Tuesday, January 22, 2008
Beloved Book Earns Newbery Honor
I had the good luck to read The Wednesday Wars by Gary D. Schmidt just before the ALA announced it had been named one of this year's honor books. I wasn't surprised. The Wednesday Wars is adored on my listservs and there was Newbery talk regarding it way back in April.
Personally, I didn't think there was a whole lot of story to Wednesday Wars. It's more just charming episodes from the life of seventh grader Holling Hoodhood. I think the title "Wednesday Wars" refers to conflict between Holling and his teacher who are alone together every Wednesday afternoon when, back in 1968 when our story takes place, all the Jewish and Catholic kids (Holling is neither) in the classroom are released early from school to attend religious classes. However, this aspect of the plot is dropped pretty early on. His teacher, Mrs. Baker, remains an imposing character, but after the first few chapters Holling no longer talks of her hating him. We get a lot of history lessons by way of Holling's family who represent, in rather superficial ways, various aspects of 1960's life. His sister is a big Bobby Kennedy fan. (I wondered how many kids would know who Bobby Kennedy was.) Dad is a conservative supporter of the Vietnam War. Mom desperately needs to read The Feminine Mystique.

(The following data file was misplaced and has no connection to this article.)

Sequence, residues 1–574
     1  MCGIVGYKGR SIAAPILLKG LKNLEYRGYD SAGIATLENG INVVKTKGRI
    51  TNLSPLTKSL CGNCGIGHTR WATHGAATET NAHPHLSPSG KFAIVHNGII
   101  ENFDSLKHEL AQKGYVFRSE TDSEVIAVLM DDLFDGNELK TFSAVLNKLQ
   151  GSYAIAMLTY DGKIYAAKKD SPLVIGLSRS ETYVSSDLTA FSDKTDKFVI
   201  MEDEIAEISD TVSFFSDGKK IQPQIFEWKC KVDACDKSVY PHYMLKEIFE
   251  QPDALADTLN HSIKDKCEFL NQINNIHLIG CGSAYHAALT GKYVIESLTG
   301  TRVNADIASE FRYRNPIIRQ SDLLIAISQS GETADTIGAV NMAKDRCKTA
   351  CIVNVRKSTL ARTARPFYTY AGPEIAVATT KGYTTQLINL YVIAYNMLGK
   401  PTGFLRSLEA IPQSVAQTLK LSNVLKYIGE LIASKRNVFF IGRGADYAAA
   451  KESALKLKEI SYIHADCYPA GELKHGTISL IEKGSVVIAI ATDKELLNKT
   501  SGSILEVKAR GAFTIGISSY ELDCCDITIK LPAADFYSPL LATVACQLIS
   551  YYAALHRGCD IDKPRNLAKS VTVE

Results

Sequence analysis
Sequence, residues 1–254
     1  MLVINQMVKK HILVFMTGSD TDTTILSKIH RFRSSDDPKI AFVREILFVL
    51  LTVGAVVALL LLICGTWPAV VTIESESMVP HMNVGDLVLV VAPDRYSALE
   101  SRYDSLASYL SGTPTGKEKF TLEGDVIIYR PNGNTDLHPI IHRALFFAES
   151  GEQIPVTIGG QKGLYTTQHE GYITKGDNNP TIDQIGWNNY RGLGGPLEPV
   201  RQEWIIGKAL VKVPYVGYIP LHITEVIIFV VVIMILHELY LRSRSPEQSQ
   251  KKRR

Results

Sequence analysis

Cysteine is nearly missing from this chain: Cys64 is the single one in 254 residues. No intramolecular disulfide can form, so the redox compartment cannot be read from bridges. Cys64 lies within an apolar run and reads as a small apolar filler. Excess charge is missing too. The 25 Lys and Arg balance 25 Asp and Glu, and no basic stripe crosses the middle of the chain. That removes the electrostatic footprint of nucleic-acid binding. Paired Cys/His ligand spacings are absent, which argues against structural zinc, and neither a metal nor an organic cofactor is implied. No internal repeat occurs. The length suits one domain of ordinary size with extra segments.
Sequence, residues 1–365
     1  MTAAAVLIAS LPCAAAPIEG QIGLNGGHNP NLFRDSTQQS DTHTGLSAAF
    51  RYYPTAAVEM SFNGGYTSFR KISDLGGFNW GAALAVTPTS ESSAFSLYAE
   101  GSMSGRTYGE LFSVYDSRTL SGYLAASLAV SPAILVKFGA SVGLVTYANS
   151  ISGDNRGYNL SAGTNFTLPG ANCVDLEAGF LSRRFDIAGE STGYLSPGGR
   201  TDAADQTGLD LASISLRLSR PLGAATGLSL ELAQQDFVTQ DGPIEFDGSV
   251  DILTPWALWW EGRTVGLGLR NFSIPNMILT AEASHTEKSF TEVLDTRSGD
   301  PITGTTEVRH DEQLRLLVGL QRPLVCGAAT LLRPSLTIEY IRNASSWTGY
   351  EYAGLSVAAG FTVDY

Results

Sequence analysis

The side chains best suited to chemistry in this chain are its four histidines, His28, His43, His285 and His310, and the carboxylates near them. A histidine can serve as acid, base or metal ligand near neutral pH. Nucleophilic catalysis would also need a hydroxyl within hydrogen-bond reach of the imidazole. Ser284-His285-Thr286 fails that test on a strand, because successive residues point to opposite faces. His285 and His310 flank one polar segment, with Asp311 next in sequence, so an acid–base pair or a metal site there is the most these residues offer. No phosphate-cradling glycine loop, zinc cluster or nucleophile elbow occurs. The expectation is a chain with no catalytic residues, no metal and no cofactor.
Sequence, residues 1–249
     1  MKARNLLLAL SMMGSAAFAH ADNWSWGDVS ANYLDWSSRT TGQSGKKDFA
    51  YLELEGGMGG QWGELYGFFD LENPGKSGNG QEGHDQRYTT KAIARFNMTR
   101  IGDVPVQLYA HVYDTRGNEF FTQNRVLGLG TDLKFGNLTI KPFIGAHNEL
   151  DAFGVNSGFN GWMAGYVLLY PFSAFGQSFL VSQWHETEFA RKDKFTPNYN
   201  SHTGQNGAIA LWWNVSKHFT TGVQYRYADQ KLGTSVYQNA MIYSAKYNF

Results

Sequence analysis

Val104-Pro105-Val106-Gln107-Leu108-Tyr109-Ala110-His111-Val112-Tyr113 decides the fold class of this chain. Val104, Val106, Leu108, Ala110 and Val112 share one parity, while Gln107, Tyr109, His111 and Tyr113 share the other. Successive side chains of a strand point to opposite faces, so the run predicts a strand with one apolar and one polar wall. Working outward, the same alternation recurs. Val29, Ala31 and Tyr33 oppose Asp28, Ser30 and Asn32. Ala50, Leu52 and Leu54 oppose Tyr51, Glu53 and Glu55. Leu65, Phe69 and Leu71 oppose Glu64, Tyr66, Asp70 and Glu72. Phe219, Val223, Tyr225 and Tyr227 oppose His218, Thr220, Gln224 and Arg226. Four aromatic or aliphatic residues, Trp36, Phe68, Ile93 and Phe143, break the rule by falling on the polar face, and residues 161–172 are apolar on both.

But while I found the book only so-so, I understand that Newbery books tend to be books (other) adults like. I'm okay with that. I can see what those other adult readers found so very attractive about The Wednesday Wars. Holling and his teacher end up (probably? improbably?) reading Shakespeare together and that gives the book a very literary tone. The book is also improving. In addition to the instruction relating to literature, readers also get lessons on tolerance and, to a lesser extent, good parenting.
Many adults in kidlit do believe children's books should be instructive, and this is an attitude toward literature for the young that goes back for generations, if not centuries, according to my sources on my listservs. While overt lessons are not something I look for in any of my reading, I understand that the adults in kidlit who do want it have tradition to justify their position.
For all the flaws I find in The Wednesday Wars, it may be a Newbery book that child readers can actually enjoy. Some kids may find the 1960's world portrayed here far less disturbing than the one they live in in the twenty-first century. The bad dad in The Wednesday Wars is merely narrow-minded, demanding, and focused on his work rather than his family. He's absolutely quaint compared to the bad dads we see in the news now who molest and murder their children. The bully in Wednesday Wars is kind of sweet. He just roughs up kids on the playground or on their way home. No knives are pulled. No one is beaten to death just for the hell of it. He is a traditional, card-carrying bully, who we know isn't going far in life. He's not a kid from the top of the social hierarchy taking pleasure in tormenting those less fortunate than himself.
I really don't care about using literature as a pulpit. But if some young readers can find escape in The Wednesday Wars, I'm all for it.